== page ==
South Africa Part7 – The South Coast

So the rather unimaginatively named South Coast stretches on from the start of the Kwazulu Natal up until Durban, where it switches again to Zululand.

Oribi Gorge

UmzumbeOnly a couple of stops along this stretch for me, although there’a good few options for Bazbusers. Umzumbe was my first, and unlike the name may suggest, it’s much more westernised than places like Coffee Bay. The hostel I stayed in was charming, and gave me one last chance to catch up with the Swedish girls I’d been chasing since OudtshoornMantis and Moon backpackers lodge is charming and friendly, and really seemed to embrace the lone traveler better than most places. A few trips were available, although not running with so few people, the barman was friendly enough though, and kept me company the first night.

Oribi GorgeIn the morning, I was fortunate enough to meet a nice Dutch couple who were heading off for the Oribi Gorge and let me  jump in their car, along with a German guy as well. Together we explored the impressive canyon, crossing the massively over-hyped rope bridge, and taking a look at the huge canyon swing. A shame it was closed for the day, else I think it would have been a must do for me. They also have SAs longest zipline, although that didn’t look so impressive. After a nice day exploring we headed back to the hostel, and I disappeared off to Durban.

Tekweni BackpackersDurban is well located for the party scene on Florida Road, one of the coolest areas of Durban, according to the hostel staff at least. It sure it’s fair share of western luxuries (McDonalds, KFC and all the rest) alongside a good selection of interesting bars. Exploring the city is a good way to spend the day, just be a little careful where you wander. The beach front is long and flat, perfect for a longboard, or bike if you fancy traveling a bit quicker and getting nice and warm.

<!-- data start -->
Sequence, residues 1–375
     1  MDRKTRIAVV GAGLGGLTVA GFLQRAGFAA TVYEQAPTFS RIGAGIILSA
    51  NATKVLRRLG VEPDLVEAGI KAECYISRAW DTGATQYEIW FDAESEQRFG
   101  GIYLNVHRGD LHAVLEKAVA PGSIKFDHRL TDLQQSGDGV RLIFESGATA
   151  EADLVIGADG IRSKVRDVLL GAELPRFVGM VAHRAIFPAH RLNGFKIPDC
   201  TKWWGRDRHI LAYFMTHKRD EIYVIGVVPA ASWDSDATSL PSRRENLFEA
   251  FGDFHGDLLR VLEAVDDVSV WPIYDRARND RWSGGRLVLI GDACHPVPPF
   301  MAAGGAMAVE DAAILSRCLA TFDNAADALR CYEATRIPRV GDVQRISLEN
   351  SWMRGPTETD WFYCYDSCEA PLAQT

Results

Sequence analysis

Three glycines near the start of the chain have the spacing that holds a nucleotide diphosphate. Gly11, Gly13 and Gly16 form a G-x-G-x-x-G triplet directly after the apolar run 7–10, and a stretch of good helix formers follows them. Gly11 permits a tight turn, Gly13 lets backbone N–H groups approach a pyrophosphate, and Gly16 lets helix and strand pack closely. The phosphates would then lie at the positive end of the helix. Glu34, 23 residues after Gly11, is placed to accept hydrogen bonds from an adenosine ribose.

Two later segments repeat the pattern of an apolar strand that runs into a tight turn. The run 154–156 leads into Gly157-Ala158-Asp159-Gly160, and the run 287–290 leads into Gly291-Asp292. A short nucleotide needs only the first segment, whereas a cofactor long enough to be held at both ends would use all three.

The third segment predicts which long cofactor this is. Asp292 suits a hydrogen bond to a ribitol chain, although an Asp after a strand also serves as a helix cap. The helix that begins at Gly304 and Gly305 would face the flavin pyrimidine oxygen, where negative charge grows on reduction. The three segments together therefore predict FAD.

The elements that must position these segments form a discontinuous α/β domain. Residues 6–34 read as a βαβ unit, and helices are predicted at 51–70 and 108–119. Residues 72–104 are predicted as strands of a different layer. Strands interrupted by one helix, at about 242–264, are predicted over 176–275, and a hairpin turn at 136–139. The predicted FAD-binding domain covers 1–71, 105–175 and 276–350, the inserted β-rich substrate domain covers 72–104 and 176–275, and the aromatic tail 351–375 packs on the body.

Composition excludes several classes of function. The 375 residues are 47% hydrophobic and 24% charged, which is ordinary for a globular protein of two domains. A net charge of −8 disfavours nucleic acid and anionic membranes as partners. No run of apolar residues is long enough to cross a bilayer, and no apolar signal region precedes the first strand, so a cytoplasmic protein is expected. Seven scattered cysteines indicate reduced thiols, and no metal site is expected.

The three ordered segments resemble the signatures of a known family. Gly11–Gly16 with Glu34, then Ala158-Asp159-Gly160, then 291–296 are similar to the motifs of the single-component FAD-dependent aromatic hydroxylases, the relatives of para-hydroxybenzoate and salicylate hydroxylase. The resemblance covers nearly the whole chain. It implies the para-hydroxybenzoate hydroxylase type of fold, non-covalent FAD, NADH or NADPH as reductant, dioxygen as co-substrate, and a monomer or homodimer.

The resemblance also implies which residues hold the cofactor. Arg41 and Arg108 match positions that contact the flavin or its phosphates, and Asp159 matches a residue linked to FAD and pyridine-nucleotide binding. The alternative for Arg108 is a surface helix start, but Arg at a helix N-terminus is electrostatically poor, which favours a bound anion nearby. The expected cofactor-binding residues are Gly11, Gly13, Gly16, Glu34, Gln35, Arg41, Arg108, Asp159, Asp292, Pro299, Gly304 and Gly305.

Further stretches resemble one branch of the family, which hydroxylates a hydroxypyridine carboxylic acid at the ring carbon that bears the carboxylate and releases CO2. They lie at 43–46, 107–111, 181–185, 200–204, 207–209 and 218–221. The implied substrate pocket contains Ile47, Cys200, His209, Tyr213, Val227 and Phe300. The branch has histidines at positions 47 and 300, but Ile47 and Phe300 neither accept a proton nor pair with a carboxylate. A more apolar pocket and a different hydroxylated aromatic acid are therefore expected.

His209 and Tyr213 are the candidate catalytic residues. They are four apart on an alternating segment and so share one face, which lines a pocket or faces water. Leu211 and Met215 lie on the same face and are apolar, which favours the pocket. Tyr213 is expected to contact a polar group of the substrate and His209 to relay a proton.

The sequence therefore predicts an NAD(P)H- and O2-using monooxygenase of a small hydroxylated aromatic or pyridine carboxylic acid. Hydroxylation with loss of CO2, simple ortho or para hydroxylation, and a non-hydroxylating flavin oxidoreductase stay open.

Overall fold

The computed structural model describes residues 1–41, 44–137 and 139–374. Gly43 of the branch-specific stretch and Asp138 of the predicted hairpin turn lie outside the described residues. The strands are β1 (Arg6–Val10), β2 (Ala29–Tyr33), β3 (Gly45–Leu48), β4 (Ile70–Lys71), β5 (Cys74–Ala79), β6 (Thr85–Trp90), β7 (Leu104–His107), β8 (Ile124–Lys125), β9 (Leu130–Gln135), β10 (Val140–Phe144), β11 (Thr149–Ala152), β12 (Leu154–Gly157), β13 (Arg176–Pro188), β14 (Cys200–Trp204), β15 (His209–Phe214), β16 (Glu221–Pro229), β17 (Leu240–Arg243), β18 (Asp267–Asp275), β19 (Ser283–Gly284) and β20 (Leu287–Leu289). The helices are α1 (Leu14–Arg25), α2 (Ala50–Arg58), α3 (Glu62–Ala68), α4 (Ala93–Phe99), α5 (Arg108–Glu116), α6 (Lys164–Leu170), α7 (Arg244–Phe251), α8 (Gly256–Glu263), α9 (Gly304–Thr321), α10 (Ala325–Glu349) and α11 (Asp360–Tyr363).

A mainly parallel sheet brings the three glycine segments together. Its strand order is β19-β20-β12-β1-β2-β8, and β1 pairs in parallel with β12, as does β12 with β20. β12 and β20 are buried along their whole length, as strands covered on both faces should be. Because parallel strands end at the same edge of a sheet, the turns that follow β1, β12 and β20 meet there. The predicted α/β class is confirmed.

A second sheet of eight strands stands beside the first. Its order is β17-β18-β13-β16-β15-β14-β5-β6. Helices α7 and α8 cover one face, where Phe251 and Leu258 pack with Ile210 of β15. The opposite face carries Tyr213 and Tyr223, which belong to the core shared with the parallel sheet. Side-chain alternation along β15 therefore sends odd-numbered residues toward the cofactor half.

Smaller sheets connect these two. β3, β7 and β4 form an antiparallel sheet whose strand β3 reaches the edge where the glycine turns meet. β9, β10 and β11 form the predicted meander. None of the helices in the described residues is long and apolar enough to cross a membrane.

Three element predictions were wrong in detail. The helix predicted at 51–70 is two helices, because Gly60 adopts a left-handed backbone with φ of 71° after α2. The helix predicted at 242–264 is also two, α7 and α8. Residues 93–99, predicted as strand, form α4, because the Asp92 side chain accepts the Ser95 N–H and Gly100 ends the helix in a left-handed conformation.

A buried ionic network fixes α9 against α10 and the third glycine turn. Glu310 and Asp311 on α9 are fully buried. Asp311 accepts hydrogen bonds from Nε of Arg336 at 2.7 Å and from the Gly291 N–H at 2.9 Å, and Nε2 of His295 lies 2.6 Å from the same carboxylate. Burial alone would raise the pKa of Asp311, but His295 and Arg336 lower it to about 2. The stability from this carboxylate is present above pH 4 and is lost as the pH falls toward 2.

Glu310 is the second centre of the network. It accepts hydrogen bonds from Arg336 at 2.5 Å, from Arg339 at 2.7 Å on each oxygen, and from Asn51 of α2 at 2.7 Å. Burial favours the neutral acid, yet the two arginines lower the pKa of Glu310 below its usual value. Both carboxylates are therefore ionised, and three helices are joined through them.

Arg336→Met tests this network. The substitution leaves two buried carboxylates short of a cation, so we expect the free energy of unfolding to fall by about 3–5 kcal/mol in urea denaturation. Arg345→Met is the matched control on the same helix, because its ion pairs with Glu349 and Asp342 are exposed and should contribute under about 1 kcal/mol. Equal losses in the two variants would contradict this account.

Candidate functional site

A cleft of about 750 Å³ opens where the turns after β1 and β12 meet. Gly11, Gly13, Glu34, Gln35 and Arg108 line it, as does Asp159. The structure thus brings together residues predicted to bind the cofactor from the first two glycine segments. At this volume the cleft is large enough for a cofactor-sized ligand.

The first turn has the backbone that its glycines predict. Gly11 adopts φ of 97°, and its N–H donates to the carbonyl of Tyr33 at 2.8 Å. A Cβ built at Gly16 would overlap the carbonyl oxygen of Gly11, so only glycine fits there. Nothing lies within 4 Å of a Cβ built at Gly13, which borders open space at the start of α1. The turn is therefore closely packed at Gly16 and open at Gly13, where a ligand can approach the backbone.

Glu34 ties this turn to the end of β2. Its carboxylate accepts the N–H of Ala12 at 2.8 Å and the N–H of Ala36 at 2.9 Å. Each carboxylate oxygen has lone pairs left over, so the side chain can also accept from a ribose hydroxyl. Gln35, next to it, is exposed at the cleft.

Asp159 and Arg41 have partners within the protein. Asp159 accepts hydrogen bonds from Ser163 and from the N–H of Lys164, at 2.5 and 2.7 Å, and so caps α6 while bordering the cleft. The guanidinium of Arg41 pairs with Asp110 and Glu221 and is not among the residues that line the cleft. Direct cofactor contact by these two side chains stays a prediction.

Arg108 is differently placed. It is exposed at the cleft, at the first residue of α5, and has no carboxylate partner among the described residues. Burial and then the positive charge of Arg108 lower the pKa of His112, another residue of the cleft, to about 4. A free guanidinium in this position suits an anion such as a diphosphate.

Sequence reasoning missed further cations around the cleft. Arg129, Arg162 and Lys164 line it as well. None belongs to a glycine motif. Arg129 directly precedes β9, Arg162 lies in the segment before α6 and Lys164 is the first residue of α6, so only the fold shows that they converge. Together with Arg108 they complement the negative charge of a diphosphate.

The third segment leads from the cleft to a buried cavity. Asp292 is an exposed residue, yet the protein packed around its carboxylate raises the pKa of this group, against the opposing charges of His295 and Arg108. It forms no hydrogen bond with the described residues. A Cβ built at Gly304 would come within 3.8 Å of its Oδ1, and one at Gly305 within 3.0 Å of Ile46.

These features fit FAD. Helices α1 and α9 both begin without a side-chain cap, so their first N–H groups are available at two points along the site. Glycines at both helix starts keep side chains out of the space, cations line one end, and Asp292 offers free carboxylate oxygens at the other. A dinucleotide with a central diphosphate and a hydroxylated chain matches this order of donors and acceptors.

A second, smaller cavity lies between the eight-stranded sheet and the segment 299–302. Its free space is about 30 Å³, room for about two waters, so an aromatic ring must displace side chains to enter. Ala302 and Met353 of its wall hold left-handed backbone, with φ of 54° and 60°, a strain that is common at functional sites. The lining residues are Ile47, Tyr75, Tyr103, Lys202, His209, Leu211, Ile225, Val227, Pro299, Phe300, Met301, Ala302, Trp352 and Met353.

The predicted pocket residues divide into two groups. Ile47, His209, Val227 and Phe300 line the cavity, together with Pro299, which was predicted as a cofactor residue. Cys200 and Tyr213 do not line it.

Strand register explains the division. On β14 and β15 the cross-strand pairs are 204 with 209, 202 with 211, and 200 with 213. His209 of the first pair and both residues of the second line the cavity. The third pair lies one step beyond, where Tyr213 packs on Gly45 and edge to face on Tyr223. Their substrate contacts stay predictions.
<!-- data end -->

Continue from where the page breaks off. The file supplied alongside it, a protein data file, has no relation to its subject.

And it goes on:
ArtSimilar to Cape Town, I got a good sense of culture while in Durban, youth art projects, both black and white influences being nurtured and given a chance, with galleries and projects open to the public. There’s a touch of history here and there, and the incredibly cheap maritime museum was an odd, but entertaining little stop. That evening, through a mistake at the hostel and the World Travel Conference happening in town the next day, I was left without a bed for the night, thankfully my faithful friend Tinder was at hand, and I spent the evening with a wonderful local who took me to some of the hidden spots away from Florida Road. We also saw an art/music minifestival at the nearby Uni campus, lots of alternative types wandering about and some very impressive music being played as well, including a young man playing acoustic guitar like a piano. Not like pressing the keys, but simply playing so many notes it was hard to know how only six strings could make such a sound. And the reaction he got was very good, rather than the UK where something like this would be walked past or complained about as ‘too loud’ the students lapped it up.

Rope Bridge

So after a comfortable night in another bed, I arose early to jump on yet another bus out of Durban and towards the Drakensberg.

Benjamin Duff

@versestravel

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